Republicans also argue that the state should tread carefully on the issue, with so much uncertainty surrounding the ACA as Congress continues to mull its repeal. Yet Perriello is optimistic that the healthcare law will survive this latest push — Senate Republicans only have until Sept. 30 to pass a bill strictly along party lines, and Democrats seem unlikely to compromise on any rollback of the ACA — and he hopes another failure of repeal in Congress will convince Richmond Republicans to change their minds.

“Most of them, privately, know Medicaid expansion makes sense,” Perriello said. “Many of them say they want to get to ‘Yes,’ so maybe the survival of the ACA this week gives them the chance to make that excuse.”

Yet Perriello also believes that there’s no surer way to ensure an expansion of Medicaid in Virginia than fighting for the election of Democrats like Ayala this November.

“Republican leaders have had eight years to step out and show a little bit of moral courage of putting their communities ahead of a fear of primary, and they haven’t done it,” Perriello said. “A lot voters in places like Prince William who would normally only show up for presidential elections are realizing how much local elections matter.”

Originally published in Inside NOVA. 

The Guardian US – Year of the woman: the Democrats inspired by Trump to run for office

Lauren Gambino, The Guardian US

Like so many women, she marched and now she’s running.

Hala Ayala has been active in Democratic politics for more than a decade, but it wasn’t until after she helped organize a contingent of Virginia women of the Women’s March on Washington that she saw her name on the ballot.

“We woke up the next day and I don’t even know if this is clinically correct but we had political depression,” she said. “But then I went to the march and the experience, marching with these women, it really energized me and inspired me to take the next step.”

For years, Ayala has worked to promote women in politics and civic life. She revived her county chapter of the National Organization for Women and serves on Governor Terry McAuliffe’s Council on Women.

As a single mother of two, one of whom was born with a serious medical condition, Ayala relied on welfare and Medicaid for support. At one point, she worked as a cashier at the local gas station before enrolling in a training program that put her on a path to a career in cyber security.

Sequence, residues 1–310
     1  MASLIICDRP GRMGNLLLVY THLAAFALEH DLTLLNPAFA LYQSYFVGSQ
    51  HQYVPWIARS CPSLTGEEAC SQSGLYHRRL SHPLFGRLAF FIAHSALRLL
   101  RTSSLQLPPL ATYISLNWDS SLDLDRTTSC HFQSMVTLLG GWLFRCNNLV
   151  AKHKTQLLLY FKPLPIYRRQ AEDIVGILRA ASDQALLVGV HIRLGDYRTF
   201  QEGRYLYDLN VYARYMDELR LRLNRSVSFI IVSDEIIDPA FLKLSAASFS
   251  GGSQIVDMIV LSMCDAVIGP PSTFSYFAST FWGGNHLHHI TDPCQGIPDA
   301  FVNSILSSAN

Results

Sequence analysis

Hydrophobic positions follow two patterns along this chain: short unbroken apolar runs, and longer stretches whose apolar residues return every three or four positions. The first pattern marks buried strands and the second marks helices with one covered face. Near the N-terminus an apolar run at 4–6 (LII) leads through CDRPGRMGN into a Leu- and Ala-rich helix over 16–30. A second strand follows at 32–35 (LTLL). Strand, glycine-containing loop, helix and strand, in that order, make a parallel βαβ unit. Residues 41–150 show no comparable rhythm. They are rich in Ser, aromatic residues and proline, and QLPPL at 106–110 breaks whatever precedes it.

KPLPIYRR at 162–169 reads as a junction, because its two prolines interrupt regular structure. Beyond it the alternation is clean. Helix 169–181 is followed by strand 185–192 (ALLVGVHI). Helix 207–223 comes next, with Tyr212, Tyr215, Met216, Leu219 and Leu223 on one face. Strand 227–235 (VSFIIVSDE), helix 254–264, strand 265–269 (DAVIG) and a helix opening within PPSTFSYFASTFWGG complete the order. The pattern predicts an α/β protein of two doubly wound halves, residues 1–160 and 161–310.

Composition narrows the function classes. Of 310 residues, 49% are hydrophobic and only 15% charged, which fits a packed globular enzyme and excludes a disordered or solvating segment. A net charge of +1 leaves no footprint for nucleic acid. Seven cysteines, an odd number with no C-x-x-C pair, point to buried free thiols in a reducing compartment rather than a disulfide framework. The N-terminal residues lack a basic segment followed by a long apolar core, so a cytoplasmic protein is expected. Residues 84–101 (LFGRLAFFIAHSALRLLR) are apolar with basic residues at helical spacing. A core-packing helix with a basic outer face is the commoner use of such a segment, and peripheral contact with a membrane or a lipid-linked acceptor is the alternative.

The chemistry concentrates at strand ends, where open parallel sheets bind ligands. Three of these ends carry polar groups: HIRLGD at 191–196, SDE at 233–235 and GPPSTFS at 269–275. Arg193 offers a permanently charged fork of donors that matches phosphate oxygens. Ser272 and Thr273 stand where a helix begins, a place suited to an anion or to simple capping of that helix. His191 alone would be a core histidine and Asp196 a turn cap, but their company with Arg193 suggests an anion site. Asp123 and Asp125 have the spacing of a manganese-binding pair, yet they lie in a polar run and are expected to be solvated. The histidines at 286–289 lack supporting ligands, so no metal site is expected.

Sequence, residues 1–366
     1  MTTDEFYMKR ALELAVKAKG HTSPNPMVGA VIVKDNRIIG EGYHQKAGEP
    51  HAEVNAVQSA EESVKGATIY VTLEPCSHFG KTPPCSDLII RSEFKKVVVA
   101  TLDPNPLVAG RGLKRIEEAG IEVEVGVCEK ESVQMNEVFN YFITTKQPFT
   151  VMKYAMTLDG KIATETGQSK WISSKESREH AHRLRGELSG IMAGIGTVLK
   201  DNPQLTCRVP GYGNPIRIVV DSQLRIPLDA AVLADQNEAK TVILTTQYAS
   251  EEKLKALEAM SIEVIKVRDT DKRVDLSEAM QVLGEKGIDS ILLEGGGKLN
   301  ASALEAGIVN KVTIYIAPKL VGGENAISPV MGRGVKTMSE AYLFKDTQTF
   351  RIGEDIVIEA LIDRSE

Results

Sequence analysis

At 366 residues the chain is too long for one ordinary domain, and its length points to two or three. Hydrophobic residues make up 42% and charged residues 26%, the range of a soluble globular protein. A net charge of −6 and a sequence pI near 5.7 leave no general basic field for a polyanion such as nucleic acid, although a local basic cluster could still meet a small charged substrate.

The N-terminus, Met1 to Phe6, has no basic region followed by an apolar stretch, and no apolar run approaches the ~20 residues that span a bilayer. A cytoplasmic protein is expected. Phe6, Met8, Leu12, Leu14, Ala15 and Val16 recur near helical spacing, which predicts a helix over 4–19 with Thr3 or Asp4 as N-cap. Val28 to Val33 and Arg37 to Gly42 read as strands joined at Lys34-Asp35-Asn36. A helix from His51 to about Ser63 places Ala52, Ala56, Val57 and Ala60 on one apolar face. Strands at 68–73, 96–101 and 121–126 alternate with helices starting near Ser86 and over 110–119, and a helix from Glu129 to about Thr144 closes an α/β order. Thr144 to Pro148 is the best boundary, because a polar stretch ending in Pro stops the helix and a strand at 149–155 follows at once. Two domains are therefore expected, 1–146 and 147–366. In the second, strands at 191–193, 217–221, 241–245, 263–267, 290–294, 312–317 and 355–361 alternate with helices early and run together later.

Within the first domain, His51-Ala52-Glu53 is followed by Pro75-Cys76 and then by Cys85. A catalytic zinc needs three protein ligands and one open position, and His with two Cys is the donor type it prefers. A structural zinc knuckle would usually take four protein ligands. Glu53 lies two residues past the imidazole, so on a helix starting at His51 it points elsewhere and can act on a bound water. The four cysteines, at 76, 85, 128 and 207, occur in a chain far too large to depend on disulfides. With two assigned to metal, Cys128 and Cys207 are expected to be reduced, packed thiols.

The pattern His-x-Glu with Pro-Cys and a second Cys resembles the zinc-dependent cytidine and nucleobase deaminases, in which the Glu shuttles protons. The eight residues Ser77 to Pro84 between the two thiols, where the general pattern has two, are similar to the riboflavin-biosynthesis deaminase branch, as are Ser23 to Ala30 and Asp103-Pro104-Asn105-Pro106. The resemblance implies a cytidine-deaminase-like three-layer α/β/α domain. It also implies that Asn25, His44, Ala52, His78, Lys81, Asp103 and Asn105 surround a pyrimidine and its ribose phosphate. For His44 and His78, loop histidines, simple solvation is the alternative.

Ayala recently left her job as a cyber security specialist with the Department of Homeland Security to join a record number of women to seek a seat in the Virginia legislature. The decision was not without risks and she said she still occasionally wonders if it was the right decision for her family.

“There is a lot of sacrifices that we make to run for office and those are not taken lightly,” she said.

So far this risk has been rewarding. In June, Ayala won her primary. She is now among 31 Democratic women running for currently Republican-held seats in the Virginia House of Delegates.

Originally published in the The Guardian US. – How Hala Ayala Is Running for the Virginia House of Delegates after Charlottesville

As told to Mattie Kahn, originally published on

Hala Ayala is a candidate to represent the 51st District in the Virginia House of Delegates in the upcoming election. A single mom, Ayala decided to leave behind a 17-year career in cyber security to run for office. She’s the founder and current president of the Prince William County chapter of the National Organization for Women and serves on Gov. Terry McAuliffe’s Council on Women. In January, Ayala helped coordinate Virginia’s Women’s March on Washington.

Growing up, I wanted to be a ballerina, and I wanted to be a dancer. Then I wanted to be on TV. At one time, I wanted to be a lawyer, always defending people who couldn’t defend themselves. But I didn’t have one set of dreams. There were many. It wasn’t until I was raising my child on my own and I started a job training program that I really was set me up on this path. My son had serious medical conditions, and I was on welfare and Medicaid. The program that I was enrolled in taught me how to do my resume and gave me some other skill sets that I just didn’t have. After that, I did some security work and then transitioned into cyber security.

Raising my son, I joined the local PTO and was elected president. I wanted to become a better advocate. I was volunteering more, too, working on campaigns and getting active in the community. I think the more you know, the better you do. I started to hear input and started to have experiences; and all of a sudden I was awakened to some of the challenges my community was having.

Over time, you start to find a passion — you start to wonder: What’s wrong? What’s going on? You start to do some research. You reach out to organizations. You look for answers. I realized we needed to do better by supporting women; they are the infrastructure of our communities; they are the nurturers who bring people together. They needed need help.